July 6, 2014
VILLAGE OF PINEHURST, N.C. --- In his fourth North & South Amateur appearance, Michael Cromie holed out for eagle from the fairway not once but twice as he ran roughshod over the most dominant player of the week to capture the 114th North & South Amateur Championship at Pinehurst No. 8.
Cromie, a native of nearby Cary, N.C., and an All-American at Georgia, defeated highly regarded amateur Corey Conners 4&3 in the championship round to become the first player in history to win both the North & South Junior Amateur (2007) and the North & South Men’s Amateur.
“I can’t put it into words,” said Cromie while clutching his second Putter Boy trophy. “It’s just unbelievable. The history here in Pinehurst, especially after watching the Opens (recently), it’s just really hard to put into words how cool it is, how special it is, just how grateful I am that it was able to work out in my favor.”
Cromie had a lot to do with it.
After clipping Blair Hamilton 1-up in a dogfight of a match in the morning semifinals, Cromie opened the championship with a lip-out bogey from about three feet, dropping him 1-down immediately. That was nothing new for Conners, who again on Saturday cruised to a match play victory, beating Harley Abrams 6&5. It was the third straight match where Conners did not reach the 16th tee. Cromie, though, made it four straight.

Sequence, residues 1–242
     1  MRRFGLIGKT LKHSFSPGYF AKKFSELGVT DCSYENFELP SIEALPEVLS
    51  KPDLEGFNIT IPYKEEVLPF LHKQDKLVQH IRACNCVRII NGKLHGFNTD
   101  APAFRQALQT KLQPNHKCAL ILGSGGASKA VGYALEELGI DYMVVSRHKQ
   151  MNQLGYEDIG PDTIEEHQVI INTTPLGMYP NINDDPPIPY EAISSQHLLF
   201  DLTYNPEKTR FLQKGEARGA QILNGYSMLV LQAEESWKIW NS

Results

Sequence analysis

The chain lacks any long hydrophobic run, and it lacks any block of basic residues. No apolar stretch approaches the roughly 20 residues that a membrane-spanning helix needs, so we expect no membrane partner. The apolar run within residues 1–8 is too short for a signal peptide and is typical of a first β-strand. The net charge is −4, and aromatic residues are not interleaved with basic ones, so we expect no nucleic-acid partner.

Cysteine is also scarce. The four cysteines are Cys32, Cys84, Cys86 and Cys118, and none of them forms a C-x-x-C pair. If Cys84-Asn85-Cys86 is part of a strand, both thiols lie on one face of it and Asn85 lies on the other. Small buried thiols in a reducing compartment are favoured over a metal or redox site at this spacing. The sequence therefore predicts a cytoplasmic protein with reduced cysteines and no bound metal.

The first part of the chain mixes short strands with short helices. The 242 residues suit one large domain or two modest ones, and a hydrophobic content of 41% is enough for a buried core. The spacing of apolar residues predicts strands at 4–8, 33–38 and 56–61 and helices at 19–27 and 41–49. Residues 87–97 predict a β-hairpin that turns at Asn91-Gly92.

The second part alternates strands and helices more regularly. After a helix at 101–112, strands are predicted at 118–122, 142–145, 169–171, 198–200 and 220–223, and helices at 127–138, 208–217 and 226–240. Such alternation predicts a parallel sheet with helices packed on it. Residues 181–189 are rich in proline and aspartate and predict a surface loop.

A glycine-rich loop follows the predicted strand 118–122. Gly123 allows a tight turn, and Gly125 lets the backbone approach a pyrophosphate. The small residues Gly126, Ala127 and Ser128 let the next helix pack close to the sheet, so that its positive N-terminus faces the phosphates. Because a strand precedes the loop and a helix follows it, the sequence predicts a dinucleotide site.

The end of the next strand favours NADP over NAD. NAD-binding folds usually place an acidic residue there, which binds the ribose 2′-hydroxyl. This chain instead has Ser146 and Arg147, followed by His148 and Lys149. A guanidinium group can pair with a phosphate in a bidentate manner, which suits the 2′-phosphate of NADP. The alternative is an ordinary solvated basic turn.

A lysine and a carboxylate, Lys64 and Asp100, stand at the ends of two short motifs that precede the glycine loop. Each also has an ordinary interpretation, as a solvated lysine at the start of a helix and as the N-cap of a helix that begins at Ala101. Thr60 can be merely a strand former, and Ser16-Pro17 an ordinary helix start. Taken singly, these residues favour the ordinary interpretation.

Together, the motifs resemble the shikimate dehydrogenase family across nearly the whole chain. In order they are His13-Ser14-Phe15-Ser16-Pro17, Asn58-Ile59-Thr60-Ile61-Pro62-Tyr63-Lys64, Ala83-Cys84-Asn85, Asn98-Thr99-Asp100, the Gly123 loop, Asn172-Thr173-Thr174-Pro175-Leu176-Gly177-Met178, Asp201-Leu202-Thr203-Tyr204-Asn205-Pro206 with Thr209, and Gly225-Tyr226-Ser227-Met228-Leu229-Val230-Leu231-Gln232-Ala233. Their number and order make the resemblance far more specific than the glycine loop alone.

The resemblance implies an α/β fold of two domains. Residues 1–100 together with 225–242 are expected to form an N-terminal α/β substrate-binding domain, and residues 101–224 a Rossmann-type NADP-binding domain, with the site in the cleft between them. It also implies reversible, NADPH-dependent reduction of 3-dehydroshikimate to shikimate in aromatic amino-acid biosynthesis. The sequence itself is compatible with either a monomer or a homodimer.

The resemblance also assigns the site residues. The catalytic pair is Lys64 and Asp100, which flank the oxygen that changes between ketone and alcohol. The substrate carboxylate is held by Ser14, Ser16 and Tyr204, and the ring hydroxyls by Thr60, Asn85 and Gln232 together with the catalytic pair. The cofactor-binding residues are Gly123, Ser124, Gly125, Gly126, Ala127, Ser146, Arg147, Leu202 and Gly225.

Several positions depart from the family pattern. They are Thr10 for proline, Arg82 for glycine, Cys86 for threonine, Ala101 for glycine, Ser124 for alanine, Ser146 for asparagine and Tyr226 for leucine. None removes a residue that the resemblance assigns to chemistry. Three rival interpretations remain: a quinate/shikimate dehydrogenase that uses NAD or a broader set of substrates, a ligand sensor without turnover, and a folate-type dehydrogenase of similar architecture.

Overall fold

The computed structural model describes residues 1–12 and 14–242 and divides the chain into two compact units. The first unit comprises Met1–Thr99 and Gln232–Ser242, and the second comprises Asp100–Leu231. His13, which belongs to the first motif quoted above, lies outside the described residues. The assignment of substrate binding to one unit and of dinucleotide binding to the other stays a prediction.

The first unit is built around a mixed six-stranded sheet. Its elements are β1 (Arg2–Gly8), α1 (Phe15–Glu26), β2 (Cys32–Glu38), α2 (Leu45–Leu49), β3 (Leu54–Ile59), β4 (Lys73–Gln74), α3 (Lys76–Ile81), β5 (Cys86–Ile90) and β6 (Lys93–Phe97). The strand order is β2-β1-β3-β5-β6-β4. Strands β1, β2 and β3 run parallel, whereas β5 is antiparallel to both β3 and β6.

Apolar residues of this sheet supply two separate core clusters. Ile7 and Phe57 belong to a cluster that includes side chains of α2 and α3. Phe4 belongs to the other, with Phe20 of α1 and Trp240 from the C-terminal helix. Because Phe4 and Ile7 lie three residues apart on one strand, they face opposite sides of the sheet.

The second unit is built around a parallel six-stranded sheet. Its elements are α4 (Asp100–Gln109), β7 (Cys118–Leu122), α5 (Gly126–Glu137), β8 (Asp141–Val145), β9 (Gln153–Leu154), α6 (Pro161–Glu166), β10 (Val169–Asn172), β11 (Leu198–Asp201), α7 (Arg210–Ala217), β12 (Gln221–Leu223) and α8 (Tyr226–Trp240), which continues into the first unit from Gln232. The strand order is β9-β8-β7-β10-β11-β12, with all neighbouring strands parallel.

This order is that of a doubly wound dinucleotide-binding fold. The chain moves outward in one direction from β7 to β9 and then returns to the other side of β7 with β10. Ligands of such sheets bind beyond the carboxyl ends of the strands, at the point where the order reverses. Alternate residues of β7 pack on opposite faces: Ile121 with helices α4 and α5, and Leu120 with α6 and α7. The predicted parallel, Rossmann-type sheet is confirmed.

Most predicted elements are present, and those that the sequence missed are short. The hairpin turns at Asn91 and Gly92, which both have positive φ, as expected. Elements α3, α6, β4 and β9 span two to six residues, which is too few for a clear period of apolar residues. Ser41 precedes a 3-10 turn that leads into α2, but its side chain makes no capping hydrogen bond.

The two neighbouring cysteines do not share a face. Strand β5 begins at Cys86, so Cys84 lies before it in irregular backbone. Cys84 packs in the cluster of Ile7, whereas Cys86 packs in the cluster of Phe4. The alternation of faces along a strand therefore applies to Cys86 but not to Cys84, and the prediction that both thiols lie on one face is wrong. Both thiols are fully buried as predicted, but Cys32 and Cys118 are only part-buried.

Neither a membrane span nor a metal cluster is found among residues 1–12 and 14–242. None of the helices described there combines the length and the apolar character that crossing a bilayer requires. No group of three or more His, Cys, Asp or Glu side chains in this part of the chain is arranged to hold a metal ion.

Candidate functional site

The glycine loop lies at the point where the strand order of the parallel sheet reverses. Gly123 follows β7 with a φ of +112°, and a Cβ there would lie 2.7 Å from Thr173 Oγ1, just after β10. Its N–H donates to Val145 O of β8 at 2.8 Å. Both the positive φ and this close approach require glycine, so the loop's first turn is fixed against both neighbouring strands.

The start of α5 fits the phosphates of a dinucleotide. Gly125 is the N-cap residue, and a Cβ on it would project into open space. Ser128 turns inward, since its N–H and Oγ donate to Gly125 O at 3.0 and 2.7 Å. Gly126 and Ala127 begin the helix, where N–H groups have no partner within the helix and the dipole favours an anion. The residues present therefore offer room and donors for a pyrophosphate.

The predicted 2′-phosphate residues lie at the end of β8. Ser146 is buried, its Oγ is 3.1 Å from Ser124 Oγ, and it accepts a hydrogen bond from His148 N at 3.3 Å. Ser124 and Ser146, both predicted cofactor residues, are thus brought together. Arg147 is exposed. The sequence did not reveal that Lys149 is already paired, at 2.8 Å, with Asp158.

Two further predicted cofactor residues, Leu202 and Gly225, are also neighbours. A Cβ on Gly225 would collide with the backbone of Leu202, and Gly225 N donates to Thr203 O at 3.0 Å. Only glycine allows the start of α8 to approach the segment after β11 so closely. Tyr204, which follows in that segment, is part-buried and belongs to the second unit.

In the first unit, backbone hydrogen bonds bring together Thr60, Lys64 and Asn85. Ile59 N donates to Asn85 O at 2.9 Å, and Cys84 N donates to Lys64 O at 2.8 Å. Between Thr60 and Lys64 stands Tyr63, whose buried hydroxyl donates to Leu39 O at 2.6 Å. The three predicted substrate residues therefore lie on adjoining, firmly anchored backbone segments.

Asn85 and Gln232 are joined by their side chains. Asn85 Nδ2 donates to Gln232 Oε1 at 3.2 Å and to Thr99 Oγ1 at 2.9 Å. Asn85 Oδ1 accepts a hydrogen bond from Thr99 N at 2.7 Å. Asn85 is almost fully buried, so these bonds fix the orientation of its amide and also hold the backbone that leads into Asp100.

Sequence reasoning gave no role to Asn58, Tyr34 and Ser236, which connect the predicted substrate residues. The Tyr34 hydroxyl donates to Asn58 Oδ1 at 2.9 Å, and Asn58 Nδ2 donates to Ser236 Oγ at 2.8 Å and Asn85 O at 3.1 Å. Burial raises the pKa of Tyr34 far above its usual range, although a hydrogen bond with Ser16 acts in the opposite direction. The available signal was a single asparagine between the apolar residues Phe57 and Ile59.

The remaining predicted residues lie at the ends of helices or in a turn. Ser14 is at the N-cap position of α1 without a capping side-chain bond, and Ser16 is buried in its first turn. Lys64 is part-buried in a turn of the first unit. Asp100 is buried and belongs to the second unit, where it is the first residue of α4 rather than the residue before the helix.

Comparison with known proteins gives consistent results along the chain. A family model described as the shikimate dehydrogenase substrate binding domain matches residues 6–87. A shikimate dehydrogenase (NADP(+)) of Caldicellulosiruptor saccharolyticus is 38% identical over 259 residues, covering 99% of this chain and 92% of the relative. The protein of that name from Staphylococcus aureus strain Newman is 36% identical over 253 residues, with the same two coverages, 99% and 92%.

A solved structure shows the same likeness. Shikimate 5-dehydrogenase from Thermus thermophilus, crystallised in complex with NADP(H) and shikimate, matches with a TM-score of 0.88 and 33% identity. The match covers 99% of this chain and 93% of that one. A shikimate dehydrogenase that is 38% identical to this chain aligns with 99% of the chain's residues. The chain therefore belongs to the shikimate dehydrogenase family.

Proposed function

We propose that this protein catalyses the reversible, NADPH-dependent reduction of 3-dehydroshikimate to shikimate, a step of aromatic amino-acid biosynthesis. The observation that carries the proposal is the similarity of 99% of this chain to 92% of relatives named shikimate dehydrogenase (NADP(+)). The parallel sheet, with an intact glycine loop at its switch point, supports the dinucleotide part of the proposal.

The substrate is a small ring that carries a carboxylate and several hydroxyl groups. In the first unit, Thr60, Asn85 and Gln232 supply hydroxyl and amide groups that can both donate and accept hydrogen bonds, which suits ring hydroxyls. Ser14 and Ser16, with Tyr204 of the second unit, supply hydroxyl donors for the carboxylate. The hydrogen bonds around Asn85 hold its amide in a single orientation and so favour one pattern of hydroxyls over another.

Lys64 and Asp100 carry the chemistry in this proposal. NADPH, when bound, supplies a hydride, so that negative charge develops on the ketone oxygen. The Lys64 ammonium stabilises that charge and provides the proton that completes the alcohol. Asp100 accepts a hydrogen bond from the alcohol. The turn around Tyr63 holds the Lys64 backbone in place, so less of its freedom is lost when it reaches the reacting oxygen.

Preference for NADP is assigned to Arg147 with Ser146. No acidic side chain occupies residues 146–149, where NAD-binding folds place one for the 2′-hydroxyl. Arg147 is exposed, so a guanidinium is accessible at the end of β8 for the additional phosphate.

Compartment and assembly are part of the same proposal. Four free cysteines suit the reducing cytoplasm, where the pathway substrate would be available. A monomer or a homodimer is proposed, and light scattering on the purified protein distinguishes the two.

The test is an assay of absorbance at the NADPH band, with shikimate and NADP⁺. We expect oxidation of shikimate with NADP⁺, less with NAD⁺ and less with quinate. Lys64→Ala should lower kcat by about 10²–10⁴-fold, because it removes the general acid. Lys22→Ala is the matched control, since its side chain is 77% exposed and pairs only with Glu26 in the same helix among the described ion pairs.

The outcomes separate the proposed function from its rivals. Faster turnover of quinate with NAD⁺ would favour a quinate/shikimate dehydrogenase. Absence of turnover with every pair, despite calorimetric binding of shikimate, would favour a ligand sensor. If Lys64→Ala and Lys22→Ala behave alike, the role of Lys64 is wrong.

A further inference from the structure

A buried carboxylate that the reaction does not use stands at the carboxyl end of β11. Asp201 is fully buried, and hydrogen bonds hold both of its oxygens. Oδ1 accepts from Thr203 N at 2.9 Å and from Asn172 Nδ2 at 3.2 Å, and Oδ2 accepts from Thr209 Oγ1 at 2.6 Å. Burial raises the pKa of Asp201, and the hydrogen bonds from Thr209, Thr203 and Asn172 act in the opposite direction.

A wayward drive by Conners on the par-5 second allowed Cromie to square the match with a par. A par won the third for Cromie after Conners failed to get up and down, and then a birdie from 8 feet on the fifth gave Cromie a 2-up lead.
With 75 yards and little green to work with for his third shot on the par-5 sixth, Cromie hit a teardrop wedge, which landed softly and gently rolled into the cup for an eagle-3, putting him 3-up.
“That pin is really hard to get close to,” Cromie said. “I was coming in out of an OK lie out of the rough and a bad angle, so I knew I had to hit a perfect shot. I knew I had to hit something really high and soft. And I hit something high and soft.”
Cromie parred the seventh to go 4-up and then got up and down twice on Nos. 8 and 9 to save par and halve the holes to keep the kind of lead Conners had been enjoying throughout the championship.
Then came 10, where Cromie’s ball rested 155 yards from the hole after a perfect drive.
“That green is so firm, and it pitches away from you, so I was just trying to land it in the middle of the green and skip back there,” Cromie said. “I really was just trying to take long out of play, and I caught it a groove low on my pitching wedge. I was actually telling it to get down, but my caddie said, ‘No, I think that’s going to work out pretty good’ before it even landed. And it lands and rolls up there, and I was just like, ‘Oh…My...Gosh.’ I couldn’t believe it went in.”
That put Cromie 5-up, and effectively ended the match.
“It was about then that I had to begin to believe that it was my day,” Cromie said.
“There was nothing I could really do about it,” said Conners, who had built similar leads through 10 in all three of his previous match play matches.
The Men’s North & South Amateur Championship is the longest consecutive-running amateur golf championship in the United States. Over the past century, the best in the golf world have vied for its coveted Putter Boy trophy. The winners now serve as legends in the game -- Francis Ouimet, Billy Joe Patton, Jack Nicklaus, Curtis Strange, Davis Love III and Corey Pavin, among others -- and continues to draw the best in amateur golf circles.